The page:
Life has basically been ups and downs. Sometimes it’s fun, but there are also down times. Every year since 2013, I have dropped at least a single. I was trying to understand what the industry demanded from me per time. I started seeing it as my 9-5.
I’m sure you must have heard statements from people about you “falling off”. How did you handle those?
It was everywhere. I had to remind myself that I couldn’t go down like that. But at the same time, I was happy with the growth and development I got from doing my own thing and waiting for the right time. I was supposed to drop this album a while ago, but I had a conversation with a painter that made me slow down. He made me realize how much of art his work was, and how it needed time to craft. In his words, ‘once it’s out, it’s out’. I got the message and I had to take my time. Everything was intentional.
“Just making sure I am able to reach as many people as I can – that is what is important to me
Your new album, Dues, is the product of your evolution through the years. How have you managed to preserve your core sound, even regardless of the evolution?
Evolution sometimes comes with realization, aim or even reflection. When I see how people vibrate to my previous songs, I am reminded that I have to work on my evolving vocals, lyrics and sounds. Still I had to make sure that I didn’t try to disconnect from myself and what my people are familiar with. This took some reflection. I always went back to listen to my old albums and look at what has changed. When your mindset gets better, it reflects on everything.
There is no feature on the album. Was that intentional, and why?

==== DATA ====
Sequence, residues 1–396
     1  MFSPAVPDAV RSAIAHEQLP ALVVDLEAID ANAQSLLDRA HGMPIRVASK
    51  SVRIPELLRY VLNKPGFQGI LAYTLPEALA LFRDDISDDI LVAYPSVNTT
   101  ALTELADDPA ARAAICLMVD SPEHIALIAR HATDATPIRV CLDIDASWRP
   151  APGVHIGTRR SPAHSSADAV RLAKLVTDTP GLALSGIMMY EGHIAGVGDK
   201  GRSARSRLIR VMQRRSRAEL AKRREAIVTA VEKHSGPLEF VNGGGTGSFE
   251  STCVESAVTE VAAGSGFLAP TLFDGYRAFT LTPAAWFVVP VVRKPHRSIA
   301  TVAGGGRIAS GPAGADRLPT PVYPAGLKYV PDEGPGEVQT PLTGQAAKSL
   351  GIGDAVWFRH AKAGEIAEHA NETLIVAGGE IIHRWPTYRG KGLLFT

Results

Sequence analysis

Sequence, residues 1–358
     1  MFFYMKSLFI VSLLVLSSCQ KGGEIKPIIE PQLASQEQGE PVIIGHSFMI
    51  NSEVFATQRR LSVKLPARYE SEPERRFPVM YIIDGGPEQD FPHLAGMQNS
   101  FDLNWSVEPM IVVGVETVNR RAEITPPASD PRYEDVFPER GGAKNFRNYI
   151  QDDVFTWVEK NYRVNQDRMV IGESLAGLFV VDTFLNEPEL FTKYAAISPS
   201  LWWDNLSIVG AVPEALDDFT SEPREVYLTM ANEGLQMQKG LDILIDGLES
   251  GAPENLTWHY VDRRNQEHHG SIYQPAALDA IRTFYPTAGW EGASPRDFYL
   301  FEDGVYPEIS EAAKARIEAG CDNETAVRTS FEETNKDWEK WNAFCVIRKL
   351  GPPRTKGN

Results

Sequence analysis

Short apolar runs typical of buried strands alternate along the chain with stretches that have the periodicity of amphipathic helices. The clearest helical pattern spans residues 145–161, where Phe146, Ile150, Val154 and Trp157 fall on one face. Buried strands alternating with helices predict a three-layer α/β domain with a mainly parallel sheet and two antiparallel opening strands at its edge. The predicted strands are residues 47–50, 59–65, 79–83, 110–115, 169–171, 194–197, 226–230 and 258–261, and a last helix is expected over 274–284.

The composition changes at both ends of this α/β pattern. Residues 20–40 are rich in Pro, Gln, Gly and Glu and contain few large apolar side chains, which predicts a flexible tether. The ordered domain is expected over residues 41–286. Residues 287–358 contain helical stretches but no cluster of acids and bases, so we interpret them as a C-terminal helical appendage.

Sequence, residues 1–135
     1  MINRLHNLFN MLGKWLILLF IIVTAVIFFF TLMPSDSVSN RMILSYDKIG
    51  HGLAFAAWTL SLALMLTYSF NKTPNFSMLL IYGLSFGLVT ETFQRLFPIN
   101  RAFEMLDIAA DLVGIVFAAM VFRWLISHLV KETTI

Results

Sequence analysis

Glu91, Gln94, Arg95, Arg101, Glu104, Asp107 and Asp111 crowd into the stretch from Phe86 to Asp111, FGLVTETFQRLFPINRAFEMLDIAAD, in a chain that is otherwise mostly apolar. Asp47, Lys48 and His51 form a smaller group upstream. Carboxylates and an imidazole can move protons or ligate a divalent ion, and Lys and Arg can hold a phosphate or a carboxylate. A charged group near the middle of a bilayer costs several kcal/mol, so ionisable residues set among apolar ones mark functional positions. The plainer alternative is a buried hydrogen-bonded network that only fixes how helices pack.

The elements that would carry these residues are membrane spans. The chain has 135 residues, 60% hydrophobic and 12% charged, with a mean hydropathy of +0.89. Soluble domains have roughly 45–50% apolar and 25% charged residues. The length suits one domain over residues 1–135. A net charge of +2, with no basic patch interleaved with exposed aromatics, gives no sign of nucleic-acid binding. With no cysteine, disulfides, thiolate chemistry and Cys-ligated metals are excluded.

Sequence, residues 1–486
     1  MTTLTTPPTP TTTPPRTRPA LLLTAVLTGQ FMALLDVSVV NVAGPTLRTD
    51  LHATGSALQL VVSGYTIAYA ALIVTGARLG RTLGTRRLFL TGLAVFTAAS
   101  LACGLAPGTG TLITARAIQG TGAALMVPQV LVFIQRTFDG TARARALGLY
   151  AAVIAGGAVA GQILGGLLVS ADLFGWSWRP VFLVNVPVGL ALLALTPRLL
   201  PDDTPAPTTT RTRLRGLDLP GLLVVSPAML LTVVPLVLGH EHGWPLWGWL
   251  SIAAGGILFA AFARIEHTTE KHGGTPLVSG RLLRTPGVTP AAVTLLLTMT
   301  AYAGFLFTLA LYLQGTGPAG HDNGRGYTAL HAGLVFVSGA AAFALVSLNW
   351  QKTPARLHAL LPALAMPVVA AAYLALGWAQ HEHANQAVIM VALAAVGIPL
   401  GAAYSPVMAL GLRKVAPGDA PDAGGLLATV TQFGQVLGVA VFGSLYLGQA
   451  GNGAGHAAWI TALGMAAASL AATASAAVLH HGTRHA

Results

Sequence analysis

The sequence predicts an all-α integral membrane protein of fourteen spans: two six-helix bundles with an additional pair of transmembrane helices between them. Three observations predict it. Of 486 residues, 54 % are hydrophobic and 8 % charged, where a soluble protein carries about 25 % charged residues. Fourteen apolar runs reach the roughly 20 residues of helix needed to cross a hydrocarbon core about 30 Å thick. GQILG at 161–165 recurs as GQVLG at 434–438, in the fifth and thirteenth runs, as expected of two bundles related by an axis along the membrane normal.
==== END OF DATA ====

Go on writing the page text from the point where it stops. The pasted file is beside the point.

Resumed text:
Yes, that is why it’s called “Dues”. It is self-acclaimed; kind of my tithe to the industry. It is an obligatory payment due to me. Like you said, it’s been a while so I needed to flex a bit. There might be a deluxe later this year which would have Ice Prince on it. So stay tuned, we will see how it goes.
I think ‘Paid My Dues’ is a perfect project-closer. Where were you mentally when you wrote the song?
I wanted to show everyone that I had paid my dues and I will continue to pay it. It’s inspired by the consistent support from my fans and the fact that they chose to stay with me, always.
Between 2013 and 2023, what changes in the music industry make you happy?
It’s the growth in general. Afrobeats is at the global stage and the new artists are holding it down while we have our old artists who are still keeping it going. That’s the beautiful thing about all of it. It’s nice to be alive in these times.
If you could change one thing about your life right now, what would it be?
I wish I could stop or rewind time. Since I don’t have that power, we have to keep it going. With that, more tunes are coming soon.
What would make you feel most fulfilled?
That’s a very deep question! I will align with the old saying to say “the key to immortality is living a life worth remembering.” Just making sure I am able to reach as many people as I can – that is what is important to me.